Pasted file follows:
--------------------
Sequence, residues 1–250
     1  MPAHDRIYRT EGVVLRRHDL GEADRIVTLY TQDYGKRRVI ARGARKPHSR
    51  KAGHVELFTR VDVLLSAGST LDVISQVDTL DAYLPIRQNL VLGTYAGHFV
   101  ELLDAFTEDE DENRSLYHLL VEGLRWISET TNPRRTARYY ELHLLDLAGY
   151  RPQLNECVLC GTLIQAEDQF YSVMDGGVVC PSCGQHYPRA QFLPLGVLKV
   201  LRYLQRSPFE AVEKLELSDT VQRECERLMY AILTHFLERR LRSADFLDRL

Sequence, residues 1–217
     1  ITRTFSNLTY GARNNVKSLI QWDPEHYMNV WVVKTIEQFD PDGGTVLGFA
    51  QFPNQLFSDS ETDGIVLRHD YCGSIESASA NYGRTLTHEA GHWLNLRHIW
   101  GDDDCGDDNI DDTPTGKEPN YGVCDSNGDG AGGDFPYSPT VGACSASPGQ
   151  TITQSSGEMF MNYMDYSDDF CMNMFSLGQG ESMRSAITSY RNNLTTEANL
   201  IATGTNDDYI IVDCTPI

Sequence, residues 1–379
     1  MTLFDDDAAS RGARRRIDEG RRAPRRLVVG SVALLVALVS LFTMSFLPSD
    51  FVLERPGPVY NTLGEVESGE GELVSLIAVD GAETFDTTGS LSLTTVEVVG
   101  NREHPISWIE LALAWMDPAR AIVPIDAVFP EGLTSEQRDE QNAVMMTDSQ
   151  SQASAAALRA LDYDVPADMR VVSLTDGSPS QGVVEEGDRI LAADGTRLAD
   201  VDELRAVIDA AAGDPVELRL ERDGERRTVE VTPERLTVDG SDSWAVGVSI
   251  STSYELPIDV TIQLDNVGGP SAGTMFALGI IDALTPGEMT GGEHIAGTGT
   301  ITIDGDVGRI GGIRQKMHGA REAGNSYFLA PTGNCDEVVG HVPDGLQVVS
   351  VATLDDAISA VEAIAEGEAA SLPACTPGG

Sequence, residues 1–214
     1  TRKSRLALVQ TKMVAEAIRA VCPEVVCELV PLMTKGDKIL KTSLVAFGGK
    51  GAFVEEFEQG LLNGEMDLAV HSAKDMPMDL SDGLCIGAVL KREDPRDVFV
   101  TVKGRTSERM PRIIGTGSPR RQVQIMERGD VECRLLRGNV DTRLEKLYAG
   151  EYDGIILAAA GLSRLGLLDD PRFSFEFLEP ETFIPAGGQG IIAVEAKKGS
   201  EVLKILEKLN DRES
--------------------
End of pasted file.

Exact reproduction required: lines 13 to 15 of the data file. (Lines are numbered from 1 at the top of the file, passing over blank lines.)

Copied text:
Sequence, residues 1–379
     1  MTLFDDDAAS RGARRRIDEG RRAPRRLVVG SVALLVALVS LFTMSFLPSD
    51  FVLERPGPVY NTLGEVESGE GELVSLIAVD GAETFDTTGS LSLTTVEVVG